From about age 21 to 26 I couldn't afford a root canal that was badly needed (two wisdom teeth, cracked open with exposed nerves). One thing you learn dealing with that kind of pain is that eventually -- it just tunes out. (no, the nerves didn't die off -- I wish). The first month or so was hell, but then I got used to it and for awhile I had a pretty impressive pain tolerance. (broken foot? No problem.) Point being, 5900 years in bed, reading great fiction, playing video games, getting visited by family, advancing my interests and continuing the work of my first 100 years -- even with constant pain -- sounds worth it to me.
  • by Anonymous Coward on Monday August 27, 2012 @03:46PM (#41140583)

    I suppose I can understand some arguments for cutting your life short based on overcrowding, etc., but I think we can get over that with science.

    But limited lifespan because of boredom? I mean, have you *seen* this world we live in? If you can't come up with enough different things to do, and see, and explore, and discover, and wonder about to last you thousands of years, you are doing it wrong. That's not even thinking about all the incredible people you get to meet.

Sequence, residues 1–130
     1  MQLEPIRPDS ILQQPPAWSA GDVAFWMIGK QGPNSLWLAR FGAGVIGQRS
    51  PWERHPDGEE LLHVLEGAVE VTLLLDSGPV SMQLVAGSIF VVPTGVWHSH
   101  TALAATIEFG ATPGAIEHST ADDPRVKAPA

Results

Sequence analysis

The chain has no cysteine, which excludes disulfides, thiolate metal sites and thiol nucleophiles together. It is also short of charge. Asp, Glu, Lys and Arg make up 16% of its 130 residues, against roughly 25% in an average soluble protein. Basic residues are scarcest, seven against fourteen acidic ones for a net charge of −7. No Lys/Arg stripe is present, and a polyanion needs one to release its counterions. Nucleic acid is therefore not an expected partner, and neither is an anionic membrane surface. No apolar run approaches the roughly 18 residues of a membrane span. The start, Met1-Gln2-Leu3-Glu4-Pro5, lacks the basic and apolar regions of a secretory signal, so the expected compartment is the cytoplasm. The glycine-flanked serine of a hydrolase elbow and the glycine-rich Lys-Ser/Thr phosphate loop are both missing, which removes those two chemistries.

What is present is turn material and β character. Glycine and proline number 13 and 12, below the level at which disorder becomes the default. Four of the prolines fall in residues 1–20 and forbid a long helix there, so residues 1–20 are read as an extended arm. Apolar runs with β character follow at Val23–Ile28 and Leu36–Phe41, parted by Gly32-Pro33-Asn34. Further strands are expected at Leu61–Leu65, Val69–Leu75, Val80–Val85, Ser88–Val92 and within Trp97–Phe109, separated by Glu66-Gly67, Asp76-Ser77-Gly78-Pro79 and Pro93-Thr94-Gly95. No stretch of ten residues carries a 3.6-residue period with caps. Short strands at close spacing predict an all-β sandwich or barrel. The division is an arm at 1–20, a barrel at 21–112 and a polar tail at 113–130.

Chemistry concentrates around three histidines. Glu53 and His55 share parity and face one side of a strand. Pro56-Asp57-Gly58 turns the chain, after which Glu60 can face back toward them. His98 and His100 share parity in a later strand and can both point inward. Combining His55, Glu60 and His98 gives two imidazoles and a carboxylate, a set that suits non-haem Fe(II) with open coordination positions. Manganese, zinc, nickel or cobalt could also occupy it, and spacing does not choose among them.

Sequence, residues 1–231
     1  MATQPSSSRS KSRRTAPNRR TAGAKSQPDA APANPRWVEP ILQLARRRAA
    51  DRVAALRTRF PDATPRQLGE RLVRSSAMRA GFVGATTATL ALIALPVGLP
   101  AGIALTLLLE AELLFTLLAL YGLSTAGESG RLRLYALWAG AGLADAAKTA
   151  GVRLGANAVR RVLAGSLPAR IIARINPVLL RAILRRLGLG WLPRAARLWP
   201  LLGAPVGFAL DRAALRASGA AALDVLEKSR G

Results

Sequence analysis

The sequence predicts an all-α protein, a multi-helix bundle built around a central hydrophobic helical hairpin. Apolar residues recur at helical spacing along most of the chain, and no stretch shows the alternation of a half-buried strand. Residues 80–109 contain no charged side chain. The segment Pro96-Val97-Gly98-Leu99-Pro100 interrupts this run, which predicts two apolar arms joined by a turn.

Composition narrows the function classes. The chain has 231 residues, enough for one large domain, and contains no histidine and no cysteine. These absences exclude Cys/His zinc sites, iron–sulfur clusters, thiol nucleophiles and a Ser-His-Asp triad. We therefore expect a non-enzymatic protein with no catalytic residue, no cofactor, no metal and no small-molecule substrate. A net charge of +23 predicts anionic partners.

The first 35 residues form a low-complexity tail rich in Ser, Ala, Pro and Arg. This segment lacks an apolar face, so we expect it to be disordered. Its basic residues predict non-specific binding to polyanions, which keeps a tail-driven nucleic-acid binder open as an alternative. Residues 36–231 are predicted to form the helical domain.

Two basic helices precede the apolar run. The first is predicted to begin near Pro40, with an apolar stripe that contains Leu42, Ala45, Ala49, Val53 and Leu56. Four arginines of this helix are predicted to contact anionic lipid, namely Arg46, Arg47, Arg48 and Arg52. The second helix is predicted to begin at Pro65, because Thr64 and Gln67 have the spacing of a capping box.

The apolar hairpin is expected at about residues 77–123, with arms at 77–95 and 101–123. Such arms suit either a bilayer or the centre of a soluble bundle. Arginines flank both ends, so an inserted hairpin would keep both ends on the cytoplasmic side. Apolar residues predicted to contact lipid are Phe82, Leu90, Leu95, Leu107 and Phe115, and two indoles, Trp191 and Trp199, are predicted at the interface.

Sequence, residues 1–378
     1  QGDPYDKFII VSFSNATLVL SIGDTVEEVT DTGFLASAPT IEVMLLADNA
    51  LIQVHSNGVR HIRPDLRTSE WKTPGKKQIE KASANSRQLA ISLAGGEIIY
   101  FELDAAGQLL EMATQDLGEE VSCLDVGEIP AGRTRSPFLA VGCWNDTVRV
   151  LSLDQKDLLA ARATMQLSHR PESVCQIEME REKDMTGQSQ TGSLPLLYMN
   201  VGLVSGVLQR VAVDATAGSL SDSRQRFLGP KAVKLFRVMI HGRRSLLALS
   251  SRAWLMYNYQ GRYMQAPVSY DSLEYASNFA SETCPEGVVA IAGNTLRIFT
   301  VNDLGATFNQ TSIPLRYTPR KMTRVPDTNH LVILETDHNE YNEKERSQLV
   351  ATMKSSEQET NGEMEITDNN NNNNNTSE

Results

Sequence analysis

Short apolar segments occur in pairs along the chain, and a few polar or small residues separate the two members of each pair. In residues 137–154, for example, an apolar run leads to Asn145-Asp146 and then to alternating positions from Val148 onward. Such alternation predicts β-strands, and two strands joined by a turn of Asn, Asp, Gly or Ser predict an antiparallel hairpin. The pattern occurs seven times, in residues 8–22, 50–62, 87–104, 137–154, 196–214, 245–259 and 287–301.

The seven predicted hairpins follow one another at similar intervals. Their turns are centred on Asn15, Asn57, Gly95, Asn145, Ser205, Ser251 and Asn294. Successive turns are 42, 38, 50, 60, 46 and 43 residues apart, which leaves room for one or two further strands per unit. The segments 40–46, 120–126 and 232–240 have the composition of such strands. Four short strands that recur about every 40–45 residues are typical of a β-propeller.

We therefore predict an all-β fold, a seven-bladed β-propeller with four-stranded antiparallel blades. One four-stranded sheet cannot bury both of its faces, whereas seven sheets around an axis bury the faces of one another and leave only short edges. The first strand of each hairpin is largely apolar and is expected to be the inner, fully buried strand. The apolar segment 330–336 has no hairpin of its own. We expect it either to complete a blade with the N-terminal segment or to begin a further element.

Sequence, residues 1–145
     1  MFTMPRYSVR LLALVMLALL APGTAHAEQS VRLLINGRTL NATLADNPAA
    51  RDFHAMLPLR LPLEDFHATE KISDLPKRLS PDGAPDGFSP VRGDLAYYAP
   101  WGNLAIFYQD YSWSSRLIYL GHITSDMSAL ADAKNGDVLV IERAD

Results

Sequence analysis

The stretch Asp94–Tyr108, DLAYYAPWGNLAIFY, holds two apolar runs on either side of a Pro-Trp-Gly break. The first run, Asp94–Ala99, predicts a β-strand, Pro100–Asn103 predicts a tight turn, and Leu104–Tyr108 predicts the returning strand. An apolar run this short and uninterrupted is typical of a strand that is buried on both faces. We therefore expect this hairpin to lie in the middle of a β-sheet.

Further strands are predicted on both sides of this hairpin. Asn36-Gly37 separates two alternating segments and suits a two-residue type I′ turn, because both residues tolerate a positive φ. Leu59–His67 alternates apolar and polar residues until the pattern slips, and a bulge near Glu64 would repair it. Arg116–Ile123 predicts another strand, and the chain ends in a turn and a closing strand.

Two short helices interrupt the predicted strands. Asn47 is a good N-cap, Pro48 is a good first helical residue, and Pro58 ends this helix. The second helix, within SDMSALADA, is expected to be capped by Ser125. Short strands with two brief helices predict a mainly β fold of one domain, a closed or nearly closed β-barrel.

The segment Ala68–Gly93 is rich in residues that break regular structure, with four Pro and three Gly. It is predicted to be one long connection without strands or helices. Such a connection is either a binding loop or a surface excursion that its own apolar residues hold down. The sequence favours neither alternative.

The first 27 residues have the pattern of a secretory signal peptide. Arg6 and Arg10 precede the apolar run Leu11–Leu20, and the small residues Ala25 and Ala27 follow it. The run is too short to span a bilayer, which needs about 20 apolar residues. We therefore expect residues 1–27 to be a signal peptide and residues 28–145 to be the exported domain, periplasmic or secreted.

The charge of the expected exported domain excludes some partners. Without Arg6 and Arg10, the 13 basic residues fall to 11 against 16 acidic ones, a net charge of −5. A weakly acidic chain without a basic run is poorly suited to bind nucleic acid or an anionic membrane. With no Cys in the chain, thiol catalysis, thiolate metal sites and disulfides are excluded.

• This presupposes that old age can be achieved without a significant decline in one's ability to enjoy the world. I'm sure you can do many fun things at a young age, but if you can't see, can't move without pain, can't hear too well, forget about things constantly, or are in physical pain then you might want to punch an early ticket out of this world.

    • by mapkinase (958129) on Monday August 27, 2012 @04:20PM (#41141125) Homepage Journal

      How old are you?

      >I mean, have you *seen* this world we live in

      I am in my mid-40s and the things that interest me in the world rapidly shrink. I do not want to see most of the Europe as I used in earlier years. I do not want to visit my long-time friends in a neighboring state, because travel is seen as more and more hassle. The only reason for my travel is my son duty of visiting the parents. I do that regularly with a great pain.

      I have seen plenty of relatively healthy old people, in whose eyes I read only one desire: to finally end this.

      I am still relatively healthy. It's just the grass is not as green anymore as it is used to be, so, naturally, my desire to see new vistas, new man made objects, new people is less.

      We are limited in our capacity of learning as we are limited in everything else.

      Ask Tony S. why he did it.

      • Holy crap (Score:5, Insightful)

        by Overzeetop (214511) on Monday August 27, 2012 @04:34PM (#41141381) Journal

        YOU, sir, need a hobby or three. Badly.

        Having reached my mid-40s, I've only begun to explore the things I'd like to do in my life. I find that I'm having to pare back all the interests I have because I just can't find the time for them all. I look at the time I have left and think, "shit, it's going to take me 2 years to complete this project, which means I'm going to be X old before I can even begin this next one."